Mr Agrawal stressed the opportunities India offers. We may have lost out on the industrial revolution, but we do not want the digital revolution to bypass us, he told the European businessmen and industrialists in the audience. Indo-EU business cooperation cannot be based solely on low-technology and low-value products, he said.
And to drive home his point Mr Agrawal pointed to space technology, where India has been cooperating with the European Space Agency (ESA) as well as individual member states, including Germany. He noted that the Indian IT industry is growing, despite the worldwide slump, and that the country hoped to replicate our software revolution in biotechnology and other areas.
He was strongly supported by the secretary general of the Euro-India Centre, a French organisation devoted to promoting increased ties between Indian and French industry. Indias strength is in knowledge-based industries and services, Mr Michel Sabatier declared. Here India is a global player, but not with Europe, he lamented.
But you cannot get away from textiles and garments, the products which belong to the past, as far as Mr Sabatier is concerned. But as they account for one-third of Indias exports to the EU, there was a lively exchange between the representative of Euratex, the European textile lobby, Francesco Marchi, and the CIIs Mr Vishwanath. The latter claimed that despite several meetings between them, each side has been saying the same thing over the last two years.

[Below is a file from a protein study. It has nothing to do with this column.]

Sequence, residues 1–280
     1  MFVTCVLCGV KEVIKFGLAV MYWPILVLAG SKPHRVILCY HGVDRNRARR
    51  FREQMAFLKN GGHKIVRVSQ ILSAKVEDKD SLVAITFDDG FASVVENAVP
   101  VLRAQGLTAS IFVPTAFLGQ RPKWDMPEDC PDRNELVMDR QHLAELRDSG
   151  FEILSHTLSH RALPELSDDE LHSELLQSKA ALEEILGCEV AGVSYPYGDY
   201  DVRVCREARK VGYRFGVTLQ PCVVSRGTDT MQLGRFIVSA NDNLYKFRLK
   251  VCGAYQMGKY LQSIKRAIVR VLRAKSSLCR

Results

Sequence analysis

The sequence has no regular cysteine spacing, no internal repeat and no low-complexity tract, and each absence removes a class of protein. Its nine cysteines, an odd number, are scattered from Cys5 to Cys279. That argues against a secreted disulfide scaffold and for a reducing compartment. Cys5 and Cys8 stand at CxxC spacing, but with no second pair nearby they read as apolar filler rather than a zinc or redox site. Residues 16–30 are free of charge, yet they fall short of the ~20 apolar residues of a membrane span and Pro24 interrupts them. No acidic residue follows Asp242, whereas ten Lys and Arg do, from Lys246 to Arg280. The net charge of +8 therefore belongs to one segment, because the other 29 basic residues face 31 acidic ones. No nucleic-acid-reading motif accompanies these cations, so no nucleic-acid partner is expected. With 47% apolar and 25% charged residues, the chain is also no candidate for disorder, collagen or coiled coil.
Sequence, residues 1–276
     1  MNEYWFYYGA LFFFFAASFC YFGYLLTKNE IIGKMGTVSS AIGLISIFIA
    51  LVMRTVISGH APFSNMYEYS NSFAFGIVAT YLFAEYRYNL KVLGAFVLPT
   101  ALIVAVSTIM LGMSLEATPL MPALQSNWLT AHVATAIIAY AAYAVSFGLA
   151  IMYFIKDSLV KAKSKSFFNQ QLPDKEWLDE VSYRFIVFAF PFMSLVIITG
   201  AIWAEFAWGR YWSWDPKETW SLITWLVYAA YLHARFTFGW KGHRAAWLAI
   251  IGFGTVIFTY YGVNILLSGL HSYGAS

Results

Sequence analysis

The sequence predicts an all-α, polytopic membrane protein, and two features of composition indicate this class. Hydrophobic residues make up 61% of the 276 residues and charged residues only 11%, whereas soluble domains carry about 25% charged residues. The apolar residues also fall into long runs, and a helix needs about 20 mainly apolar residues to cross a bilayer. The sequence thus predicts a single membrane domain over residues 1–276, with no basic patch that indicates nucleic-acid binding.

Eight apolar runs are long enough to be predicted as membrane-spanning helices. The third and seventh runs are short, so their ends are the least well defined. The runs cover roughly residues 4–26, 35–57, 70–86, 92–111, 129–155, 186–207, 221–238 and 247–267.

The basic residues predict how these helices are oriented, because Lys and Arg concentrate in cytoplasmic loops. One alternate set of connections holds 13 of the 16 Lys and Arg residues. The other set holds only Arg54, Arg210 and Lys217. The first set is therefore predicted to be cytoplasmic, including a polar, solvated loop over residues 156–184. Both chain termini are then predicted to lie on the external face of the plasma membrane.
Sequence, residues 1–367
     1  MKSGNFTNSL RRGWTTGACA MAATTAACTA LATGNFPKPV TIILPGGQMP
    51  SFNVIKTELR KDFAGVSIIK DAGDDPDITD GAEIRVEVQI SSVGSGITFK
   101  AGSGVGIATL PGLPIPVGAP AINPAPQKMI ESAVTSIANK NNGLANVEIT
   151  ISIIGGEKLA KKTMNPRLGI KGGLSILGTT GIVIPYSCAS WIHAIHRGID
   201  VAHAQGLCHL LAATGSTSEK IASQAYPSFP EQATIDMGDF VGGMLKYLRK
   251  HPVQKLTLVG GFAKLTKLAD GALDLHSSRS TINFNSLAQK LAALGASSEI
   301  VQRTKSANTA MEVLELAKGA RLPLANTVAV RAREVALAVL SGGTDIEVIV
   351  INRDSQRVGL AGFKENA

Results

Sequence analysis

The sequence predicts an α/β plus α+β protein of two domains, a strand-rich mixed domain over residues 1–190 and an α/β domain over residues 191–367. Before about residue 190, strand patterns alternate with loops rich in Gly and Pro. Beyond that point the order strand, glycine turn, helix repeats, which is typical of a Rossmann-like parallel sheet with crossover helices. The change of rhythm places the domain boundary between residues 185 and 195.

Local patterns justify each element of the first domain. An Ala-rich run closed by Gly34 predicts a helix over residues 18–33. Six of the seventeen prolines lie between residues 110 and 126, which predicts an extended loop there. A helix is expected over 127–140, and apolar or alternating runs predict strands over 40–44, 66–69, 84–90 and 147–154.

We should look for solutions, not problems, Mr Vishwanath pointed out. But the stakes clearly are too high for both sides, especially with quotas coming to an end 15 months from now. Even so, both sides also recognise the need to work together, if only to keep the Chinese wolf from the door.
Working together was the theme of the one-day India-EU Business Forum, which was sponsored by the European Commission in order to further the Joint Initiative To Enhance Trade And Investment, launched by the Indian and EU authorities two years ago. The Initiative is aimed at encouraging Indian and European economic operators, and their trade and business organisations, to draw up the recommendations to be made to their political authorities.
For greater effectiveness, the latter have limited themselves to eight key sectors, including food processing, engineering, telecommunications and information technology, biotechnology, textiles and energy. Some 150 recommendations have been adopted by the two sides so far, a small number of which are being actively considered by the Indian and EU authorities.
Progress remains slow, however. This is partly because officially sponsored forums tend to focus on problems; left to themselves, companies are able to find solutions, as FicciS Mr Bharati pointed out in the discussion over the EUs coming enlargement. But the Forum also demonstrated that, left to themselves, European companies see China as the more attractive market and manufacturing base for a wide range of products. Indian companies too, Mr Bharati suggested, feel the need to come to grips with the threat and opportunities China represents.